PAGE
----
By SENIORL ANZU of NARI
|Research organisations and governments working together. Such is a positive move against hunger in PNG|
The need for greater collaboration and partnership at all levels in the fight against world hunger is a strong call at this year’s World Food Day, which took place last weekend – October 16.
This is the message from the theme, ‘United Against Hunger’, which was chosen to recognise the efforts made in defeating world hunger at national, regional and internationals levels. This theme is closely related to last year’s in ‘achieving food security in times of crisis’.
Uniting against hunger becomes real when state and civil society organisations and the private sector work in partnership at all levels to defeat hunger, extreme poverty and malnutrition, according to the Food and Agriculture Organisation (FAO) of the United Nations.
There are regional and international partnerships emerging around this course.
International organisations, particularly the Rome-based United Nations agencies [Food and Agriculture Organisation (FAO), International Fund for Agricultural Development (IFAD), World Food Programme (WFP)] have realised the key strategic role they play in directing global efforts to reaching the Millennium Development Goal # 1 - eradicate extreme poverty and hunger – which calls for halving the hungry people in the world by 2015.
The World Food Security initiatives are shouldered by the UN system and other players in the area of food security and nutrition.
They include the civil society, NGOs and representatives of all relevant people affected by food insecurity, international agricultural research institutions, financial institutions and development banks, donors, trade organisations, and will be open to the private sector and philanthropic foundations.
In some 30 countries, national alliances composed of civil society organisations and government agencies are actively collaborating together to promote advocacy and awareness-raising activities.
In 2009, the World Summit on Food Security, or hunger summit, adopted a declaration renewing the commitment made at the 1996 World Food Summit to eradicate hunger sustainably from the face of the earth.
The declaration also called for an increase in domestic and international funding for agriculture, new investments in the rural sector, improved governance of global food issues in partnership with relevant stakeholders from the public and private sector, and more action to face the threat climate change poses to food security.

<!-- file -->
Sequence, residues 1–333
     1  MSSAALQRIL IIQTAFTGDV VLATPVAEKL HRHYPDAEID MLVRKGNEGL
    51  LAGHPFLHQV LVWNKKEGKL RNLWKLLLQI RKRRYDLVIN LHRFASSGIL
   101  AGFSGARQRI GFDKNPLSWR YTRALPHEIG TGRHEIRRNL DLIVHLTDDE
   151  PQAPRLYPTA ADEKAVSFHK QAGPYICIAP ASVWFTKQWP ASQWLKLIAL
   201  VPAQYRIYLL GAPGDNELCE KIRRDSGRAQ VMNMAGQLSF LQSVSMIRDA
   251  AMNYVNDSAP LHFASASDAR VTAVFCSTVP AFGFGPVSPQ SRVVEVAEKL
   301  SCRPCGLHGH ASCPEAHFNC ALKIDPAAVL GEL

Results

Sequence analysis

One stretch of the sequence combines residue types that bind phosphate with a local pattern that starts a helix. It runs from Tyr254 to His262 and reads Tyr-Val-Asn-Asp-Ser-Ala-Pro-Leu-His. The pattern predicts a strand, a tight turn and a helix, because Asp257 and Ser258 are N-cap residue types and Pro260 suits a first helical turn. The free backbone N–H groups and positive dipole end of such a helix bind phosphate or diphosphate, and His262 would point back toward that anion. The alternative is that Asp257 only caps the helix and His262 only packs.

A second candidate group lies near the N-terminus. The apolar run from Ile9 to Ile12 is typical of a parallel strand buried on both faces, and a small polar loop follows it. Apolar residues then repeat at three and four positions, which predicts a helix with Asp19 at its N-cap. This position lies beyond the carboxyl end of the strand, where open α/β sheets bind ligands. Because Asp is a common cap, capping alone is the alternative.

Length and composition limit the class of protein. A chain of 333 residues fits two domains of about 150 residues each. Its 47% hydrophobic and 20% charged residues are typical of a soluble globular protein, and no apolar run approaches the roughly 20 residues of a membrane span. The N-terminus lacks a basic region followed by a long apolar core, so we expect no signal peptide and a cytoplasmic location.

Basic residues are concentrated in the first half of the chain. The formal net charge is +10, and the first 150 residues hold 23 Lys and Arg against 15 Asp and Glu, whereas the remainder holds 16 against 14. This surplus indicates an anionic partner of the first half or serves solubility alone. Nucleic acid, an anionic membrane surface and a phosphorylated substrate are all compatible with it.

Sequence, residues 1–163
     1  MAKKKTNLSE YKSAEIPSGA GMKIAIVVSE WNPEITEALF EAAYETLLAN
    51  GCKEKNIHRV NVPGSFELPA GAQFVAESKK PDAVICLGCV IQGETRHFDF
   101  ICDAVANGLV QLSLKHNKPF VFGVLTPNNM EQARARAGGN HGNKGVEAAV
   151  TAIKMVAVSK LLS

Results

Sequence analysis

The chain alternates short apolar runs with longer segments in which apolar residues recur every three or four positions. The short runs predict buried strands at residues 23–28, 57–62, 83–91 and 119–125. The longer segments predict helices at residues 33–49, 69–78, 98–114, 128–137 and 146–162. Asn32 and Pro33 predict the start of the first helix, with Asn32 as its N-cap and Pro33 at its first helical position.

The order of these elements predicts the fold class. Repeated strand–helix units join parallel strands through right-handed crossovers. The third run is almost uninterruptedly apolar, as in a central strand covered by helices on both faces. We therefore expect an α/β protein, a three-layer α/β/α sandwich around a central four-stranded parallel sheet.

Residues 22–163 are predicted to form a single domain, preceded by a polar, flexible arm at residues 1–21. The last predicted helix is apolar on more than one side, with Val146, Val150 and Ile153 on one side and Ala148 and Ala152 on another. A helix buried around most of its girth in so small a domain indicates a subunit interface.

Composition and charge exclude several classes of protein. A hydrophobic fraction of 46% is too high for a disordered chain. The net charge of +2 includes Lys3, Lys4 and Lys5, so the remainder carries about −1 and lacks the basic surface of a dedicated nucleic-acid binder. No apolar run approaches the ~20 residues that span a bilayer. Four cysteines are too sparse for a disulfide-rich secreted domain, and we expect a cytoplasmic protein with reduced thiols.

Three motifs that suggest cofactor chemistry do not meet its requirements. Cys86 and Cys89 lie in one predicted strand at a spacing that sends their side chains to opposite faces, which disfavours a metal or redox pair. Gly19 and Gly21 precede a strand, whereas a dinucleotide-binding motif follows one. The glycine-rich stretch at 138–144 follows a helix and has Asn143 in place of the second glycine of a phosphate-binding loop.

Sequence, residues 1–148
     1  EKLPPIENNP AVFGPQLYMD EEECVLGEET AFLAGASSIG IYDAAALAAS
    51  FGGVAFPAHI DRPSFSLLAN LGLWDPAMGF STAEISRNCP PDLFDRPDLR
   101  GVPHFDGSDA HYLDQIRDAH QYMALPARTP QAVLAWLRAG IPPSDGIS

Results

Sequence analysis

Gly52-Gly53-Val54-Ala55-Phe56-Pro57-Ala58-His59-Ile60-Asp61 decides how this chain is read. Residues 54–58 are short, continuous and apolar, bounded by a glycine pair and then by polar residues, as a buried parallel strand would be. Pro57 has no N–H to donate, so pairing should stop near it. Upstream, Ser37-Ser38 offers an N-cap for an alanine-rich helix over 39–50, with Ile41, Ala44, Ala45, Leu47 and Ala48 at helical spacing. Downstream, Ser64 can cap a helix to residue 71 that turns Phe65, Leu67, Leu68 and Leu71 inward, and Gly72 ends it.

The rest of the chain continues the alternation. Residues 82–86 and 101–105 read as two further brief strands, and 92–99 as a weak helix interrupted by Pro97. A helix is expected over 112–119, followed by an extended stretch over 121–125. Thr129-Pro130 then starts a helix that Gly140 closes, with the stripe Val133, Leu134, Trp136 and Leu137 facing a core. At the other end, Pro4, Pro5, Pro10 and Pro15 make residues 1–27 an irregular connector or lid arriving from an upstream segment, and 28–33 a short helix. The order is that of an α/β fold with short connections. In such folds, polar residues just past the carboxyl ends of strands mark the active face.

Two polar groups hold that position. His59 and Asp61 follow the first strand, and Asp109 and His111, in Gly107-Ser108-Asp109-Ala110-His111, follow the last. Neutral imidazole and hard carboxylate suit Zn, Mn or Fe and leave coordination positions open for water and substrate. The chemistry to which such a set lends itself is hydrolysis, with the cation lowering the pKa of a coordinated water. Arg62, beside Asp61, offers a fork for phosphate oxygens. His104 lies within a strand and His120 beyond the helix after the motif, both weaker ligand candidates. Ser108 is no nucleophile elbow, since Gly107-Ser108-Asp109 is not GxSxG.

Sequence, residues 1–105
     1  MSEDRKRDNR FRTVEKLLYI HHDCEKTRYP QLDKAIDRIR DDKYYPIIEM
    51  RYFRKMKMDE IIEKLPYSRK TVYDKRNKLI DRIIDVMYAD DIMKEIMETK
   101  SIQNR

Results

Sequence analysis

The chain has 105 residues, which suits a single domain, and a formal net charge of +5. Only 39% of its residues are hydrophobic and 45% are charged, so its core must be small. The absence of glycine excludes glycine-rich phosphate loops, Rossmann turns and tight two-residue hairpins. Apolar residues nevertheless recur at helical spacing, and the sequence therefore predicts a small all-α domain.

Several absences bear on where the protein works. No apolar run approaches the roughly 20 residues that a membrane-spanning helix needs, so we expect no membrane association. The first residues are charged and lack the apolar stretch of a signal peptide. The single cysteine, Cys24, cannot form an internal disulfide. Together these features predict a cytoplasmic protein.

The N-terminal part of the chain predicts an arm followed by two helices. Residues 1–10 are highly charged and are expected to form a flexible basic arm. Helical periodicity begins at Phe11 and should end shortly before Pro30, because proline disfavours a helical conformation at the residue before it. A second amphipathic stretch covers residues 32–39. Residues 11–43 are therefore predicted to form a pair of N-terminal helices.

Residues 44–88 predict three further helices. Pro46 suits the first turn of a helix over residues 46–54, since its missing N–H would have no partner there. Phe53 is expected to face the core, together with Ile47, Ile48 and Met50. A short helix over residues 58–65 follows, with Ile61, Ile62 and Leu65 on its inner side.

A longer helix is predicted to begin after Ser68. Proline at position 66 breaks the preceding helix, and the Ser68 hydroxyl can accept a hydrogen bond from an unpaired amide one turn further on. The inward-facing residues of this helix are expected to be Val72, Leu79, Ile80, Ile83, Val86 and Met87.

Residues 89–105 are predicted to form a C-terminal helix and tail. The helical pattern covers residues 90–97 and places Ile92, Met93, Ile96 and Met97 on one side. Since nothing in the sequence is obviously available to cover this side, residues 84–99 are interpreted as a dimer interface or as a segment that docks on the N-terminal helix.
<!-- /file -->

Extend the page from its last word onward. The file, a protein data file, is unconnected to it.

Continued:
In 2009 also, the “1 billion hungry project” commenced reaching out to people through online social media to invite them to sign the anti-hunger petition at www.1billionhungry.org.
The petition is a reflection of the moral outrage of global hunger situation.
The PNG Department of Agriculture and Livestock announced the concept last week, inviting citizens to participate in signing the hunger petition in Port Moresby.
Immediate dialogue and collaborations in PNG and the Pacific are paramount.
This is so especially when the country is faced with challenges in climate change, pest and disease outbreak (potato late blight, cocoa pod borer), El Nino and La Nina cycles, land degradation and population pressure.
The country is classified among 80 with Low Income Food Deficit by FAO, a categorisation based on the increasing quality of food imports, particularly cereal, as well as the per capita energy supply.
Further, the malnutrition rates are among the highest globally.
There is widening gap between the growing demand for food, particularly in the urban areas, and static domestic production which is largely filled by food imports, according to PNG National Food Security Policy 2000-2010 (PNGNFSP).
This is the blueprint developed to create awareness and seek support to increase and diversify food production, processing and preservation, marketing and distribution in order to achieve greater self-sufficiency in food and attain for security at the national, provincial, district and household levels by the year 2015.
Threats to food security may arise from shortfalls in subsistence food production, very low cash income or both, according to agricultural expert, Mike Bourke.
The threats may be long-term (such as those caused by an extreme climate event) or short-term (such as a very low cash income and no access to land).
However, when there have never been so many hungry people in the world on this World Food Day 2010, FAO encourages the world population to reflect on the future.
“With willpower, courage and persistence – and many players working together and helping each other – more food can be produced, more sustainably, and get into the mouths of those who need it most.”
PNG also has the chance to improve its production and productivity of food and livestock and become food-assured and self-reliant.
PNG must not only produce enough for her own consumption but also for export to many needy countries.
PNG has the advantage because of its huge resource base and potential which are yet to be explored.
This nation has just six million people with enormous agricultural resources such as vast land mass, fertile soils and favourable climate for various types and kinds of crops.
PNG has a rich bio-diversity and a variety of food species, fruits and nuts, and cash crops. Farmers can grow various crops including cereals and pulses together with a range of livestock species.
There are also abundant land and bio-mass, creating opportunities for bio-fuels as well.
PNG has made modest advances on the technology front in terms of improved varieties and practices for a range of agricultural commodities and environments.
This also means that there must be favourable policies towards agriculture with adequate funding.
These must be supported by governance and management of agricultural programmes and projects at all levels.